Post-Truth: The Apocalypse of Evidence

Photo courtesy of: Animesh Bulusu
by Ross Hunter

Last month saw The Fawcett Society – Britain’s leading charity promoting gender equality – state that the 10th of November marked the day where women effectively stopped earning money relative to men. On the 9th of November Sam Smethers, the chief executive of The Fawcett Society, had an article published in The Guardian claiming that ‘from Thursday 10th of November women in full-time jobs will in effect work for free until 31st December’. However, if one takes a closer look at the statistics the Fawcett Society uses to calculate their figures, this statement begins to look not only disingenuous, but inflammatory.

The gender pay gap is a nuanced and complex issue, one that cannot safely be reduced to an easily misconstrued quote about women ‘effectively working for free’ until the end of the year. Organisations are acutely aware that the information they espouse will be concentrated into Facebook statuses and Tweets, therefore, they should be careful about the way in which they phrase their findings. Claiming that women are working for free until the end of the year is purposefully misleading, just as misleading as it would be for a man to claim that the wage gap does not exist because of something they read on Breitbart. Men and women are legally entitled to the same pay for the same job and information exposing whether this is actually happening is unavailable – only individual companies know whether they pay their workers equally. What the wage gap is really about is employment.

The Fawcett Society’s data comes from studies that calculate the full-time mean pay gap:

‘The mean average is calculated by adding up the hourly pay of all men or women and dividing it by the number of men or women included in the data’

Photo:Simon Harriyott
Photo:Simon Harriyott

This means that the data the Fawcett society uses is skewed by the fact that more women are employed in sectors that are not as well paid, such as care work or administration. Undeniably this is discrimination in itself: why are more women working in lower-paid care roles and more men working in higher paid managerial ones? Cultural expectations? Employer discrimination? Outdated family roles? Answers to these questions are harder to pin down and certainly don’t lend themselves to the concentrated format of a Tweet. As a result, the real issues of the wage gap are ignored in favour of provocative simplifications. To reiterate, it is not that women are paid proportionally less than men for doing the same work; it’s that men, at present, dominate the industries with higher pay.

We cannot quantify how many women work in the care industry because they want to versus those who do so because they feel societal pressures forcing them. Neither can we know why the government deems it acceptable that care workers are paid less than managers, regardless of gender. However, what we can do is highlight these issues, as opposed to highlighting a dubious claim with a distinctly blurred relation to the evidence. The purposeful misrepresentation of data to further one’s cause is intellectually dishonest and should not be tolerated by either the right or the left. And yet both sides are consistently guilty of this practice. We have, in short, entered the age of post-truth.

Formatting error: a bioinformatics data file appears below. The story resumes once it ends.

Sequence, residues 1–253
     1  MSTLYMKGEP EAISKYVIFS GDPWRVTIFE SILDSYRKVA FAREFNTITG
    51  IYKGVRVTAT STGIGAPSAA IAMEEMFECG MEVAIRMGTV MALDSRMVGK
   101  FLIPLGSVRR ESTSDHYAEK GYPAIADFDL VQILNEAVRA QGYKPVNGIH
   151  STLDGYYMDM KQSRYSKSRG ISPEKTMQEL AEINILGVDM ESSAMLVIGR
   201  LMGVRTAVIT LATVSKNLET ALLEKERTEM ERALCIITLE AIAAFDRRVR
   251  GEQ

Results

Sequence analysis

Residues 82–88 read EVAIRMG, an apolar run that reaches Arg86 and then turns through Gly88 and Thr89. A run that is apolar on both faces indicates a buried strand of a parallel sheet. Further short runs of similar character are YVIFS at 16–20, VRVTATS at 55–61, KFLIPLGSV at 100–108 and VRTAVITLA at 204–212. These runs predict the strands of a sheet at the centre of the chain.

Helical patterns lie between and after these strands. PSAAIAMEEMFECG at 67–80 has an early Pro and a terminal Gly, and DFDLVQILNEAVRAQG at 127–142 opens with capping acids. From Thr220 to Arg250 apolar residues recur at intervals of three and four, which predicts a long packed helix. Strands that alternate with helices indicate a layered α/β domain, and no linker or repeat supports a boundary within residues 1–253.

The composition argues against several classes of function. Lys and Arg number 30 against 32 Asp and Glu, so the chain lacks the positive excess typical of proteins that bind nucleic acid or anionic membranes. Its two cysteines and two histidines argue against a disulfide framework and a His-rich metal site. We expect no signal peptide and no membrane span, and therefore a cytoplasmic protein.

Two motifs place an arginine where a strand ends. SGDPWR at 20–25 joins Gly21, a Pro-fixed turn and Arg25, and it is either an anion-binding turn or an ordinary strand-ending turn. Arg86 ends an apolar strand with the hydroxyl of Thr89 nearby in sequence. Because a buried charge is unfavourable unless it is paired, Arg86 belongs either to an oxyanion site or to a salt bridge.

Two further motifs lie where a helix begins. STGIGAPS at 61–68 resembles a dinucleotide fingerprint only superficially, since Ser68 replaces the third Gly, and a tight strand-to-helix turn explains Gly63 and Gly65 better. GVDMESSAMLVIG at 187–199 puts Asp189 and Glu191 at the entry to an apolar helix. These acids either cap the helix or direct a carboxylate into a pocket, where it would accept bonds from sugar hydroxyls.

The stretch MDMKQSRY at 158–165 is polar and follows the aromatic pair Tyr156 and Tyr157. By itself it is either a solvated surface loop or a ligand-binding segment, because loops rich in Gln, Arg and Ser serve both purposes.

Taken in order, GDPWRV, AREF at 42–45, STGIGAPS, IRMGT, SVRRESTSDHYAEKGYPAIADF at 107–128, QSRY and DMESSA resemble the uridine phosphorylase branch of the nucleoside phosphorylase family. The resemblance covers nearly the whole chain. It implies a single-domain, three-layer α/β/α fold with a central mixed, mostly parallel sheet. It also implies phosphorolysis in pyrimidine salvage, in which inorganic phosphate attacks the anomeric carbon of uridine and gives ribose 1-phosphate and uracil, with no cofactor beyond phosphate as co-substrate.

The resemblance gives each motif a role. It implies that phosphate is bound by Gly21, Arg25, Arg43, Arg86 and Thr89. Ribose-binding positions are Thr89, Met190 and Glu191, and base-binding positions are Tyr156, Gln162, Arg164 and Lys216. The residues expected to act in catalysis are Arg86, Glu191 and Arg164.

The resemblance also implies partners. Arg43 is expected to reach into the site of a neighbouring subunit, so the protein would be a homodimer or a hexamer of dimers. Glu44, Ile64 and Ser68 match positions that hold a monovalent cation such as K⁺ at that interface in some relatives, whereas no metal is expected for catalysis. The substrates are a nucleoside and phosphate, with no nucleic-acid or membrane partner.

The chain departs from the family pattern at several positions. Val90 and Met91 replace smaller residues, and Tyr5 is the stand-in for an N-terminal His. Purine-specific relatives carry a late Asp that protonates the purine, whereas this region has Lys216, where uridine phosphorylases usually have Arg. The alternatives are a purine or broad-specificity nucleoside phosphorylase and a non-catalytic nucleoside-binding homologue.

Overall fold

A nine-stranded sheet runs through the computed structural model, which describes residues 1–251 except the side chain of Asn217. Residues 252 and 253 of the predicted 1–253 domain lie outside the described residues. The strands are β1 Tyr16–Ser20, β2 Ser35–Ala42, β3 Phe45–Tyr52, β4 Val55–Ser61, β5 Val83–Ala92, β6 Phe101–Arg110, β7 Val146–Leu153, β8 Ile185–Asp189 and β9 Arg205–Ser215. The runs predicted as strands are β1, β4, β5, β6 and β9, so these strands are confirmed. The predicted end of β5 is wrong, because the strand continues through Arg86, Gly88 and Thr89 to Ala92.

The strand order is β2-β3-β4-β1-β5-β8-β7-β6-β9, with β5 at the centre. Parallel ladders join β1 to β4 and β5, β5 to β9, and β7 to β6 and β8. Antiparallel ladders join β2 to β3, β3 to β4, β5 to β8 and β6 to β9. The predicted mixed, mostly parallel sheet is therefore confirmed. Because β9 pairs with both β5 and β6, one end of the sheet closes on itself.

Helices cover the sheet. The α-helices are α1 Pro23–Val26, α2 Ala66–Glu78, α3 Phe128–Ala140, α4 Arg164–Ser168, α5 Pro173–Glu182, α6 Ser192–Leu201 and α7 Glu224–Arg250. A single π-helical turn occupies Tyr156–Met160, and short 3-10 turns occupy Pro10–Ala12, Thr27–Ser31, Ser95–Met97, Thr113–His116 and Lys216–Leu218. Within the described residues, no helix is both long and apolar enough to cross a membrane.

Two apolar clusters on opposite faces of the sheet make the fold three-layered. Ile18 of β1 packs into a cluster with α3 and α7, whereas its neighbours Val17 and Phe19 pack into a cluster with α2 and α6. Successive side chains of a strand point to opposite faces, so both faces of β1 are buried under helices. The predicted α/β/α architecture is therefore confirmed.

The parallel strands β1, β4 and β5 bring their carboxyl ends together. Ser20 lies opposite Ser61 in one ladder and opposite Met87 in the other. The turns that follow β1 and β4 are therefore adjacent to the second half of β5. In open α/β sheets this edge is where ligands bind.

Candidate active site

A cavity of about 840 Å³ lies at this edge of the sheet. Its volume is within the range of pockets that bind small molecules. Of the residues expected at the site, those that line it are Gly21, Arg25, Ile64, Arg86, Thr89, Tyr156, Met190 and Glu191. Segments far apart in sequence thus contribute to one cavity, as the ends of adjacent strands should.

As defined by the Oxford Dictionary a post-truth is ‘relating to or denoting circumstances in which objective facts are less influential in shaping public opinion than appeals to emotion and personal belief’. The most obvious examples of this come from the right, such as Nigel Farage’s ‘migrant’ poster during the EU referendum. The poster clearly appeals to the darker angels of our nature – our fears of difference, of cultural intrusion into our communities – yet has little to no basis in fact. The immigrant contribution to British society is immeasurably important, yet this poster dismisses all intellectual discussion in favour of appealing to our base fears. It is, in short, an obvious post-truth: a political statement unhinged from objective reality.

Yet, as The Fawcett Society proves, this isn’t just a tool utilised by those on the right of the political spectrum. Sam Smethers claim about women ‘working for free’ until the end of 2016 has about as much bearing on factual reality as Nigel Farage’s poster. Yes, women are discriminated against – through enforced gender roles, through occupational segregation – but that doesn’t mean anyone is working ‘for free’. Her claim is purposefully spurious because it makes a good sound bite – but it isn’t wholly accurate. What’s worse, both Smethers claim and Farage’s ranting about the dangers of EU membership are spread on social media as indisputable fact and unquestioningly believed by thousands. Of course gender equality is a far more noble cause than xenophobia, but the ends do not justify the means. If anything, the use of post-truth damages the credibility of any movement that uses it.

All political, social and cultural movements should have the information they use, and the ways in which they use it, questioned. Otherwise we end up with a media narrative so clogged by misinformation that we no longer know what’s true and what isn’t.

In a world of increasing political instability and intolerance, those who believe in truly worthwhile causes – gender equality, climate justice, racial equality – need to make sure that the information they spread is grounded in academia and not emotion. They need to double-check whether what they’re tweeting is a truth or a post-truth. They need to stop believing everything they read on Facebook, regardless of whether it correlates with their opinions or not. In essence, we all need to become more stringent about the facts we spread. If we don’t, then we’re just as bad as the people degrading our democracy with lies, slander and xenophobic posters.

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